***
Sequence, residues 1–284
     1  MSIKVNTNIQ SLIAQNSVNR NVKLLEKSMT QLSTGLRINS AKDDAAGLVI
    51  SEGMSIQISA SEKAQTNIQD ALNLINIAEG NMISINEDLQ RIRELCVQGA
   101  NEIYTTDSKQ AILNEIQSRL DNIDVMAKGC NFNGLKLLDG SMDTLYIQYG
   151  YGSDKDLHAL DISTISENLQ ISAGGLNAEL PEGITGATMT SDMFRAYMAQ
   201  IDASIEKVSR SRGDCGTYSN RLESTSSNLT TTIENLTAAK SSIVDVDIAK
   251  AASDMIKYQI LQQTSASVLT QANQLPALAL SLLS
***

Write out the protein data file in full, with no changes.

Sequence, residues 1–284
     1  MSIKVNTNIQ SLIAQNSVNR NVKLLEKSMT QLSTGLRINS AKDDAAGLVI
    51  SEGMSIQISA SEKAQTNIQD ALNLINIAEG NMISINEDLQ RIRELCVQGA
   101  NEIYTTDSKQ AILNEIQSRL DNIDVMAKGC NFNGLKLLDG SMDTLYIQYG
   151  YGSDKDLHAL DISTISENLQ ISAGGLNAEL PEGITGATMT SDMFRAYMAQ
   201  IDASIEKVSR SRGDCGTYSN RLESTSSNLT TTIENLTAAK SSIVDVDIAK
   251  AASDMIKYQI LQQTSASVLT QANQLPALAL SLLS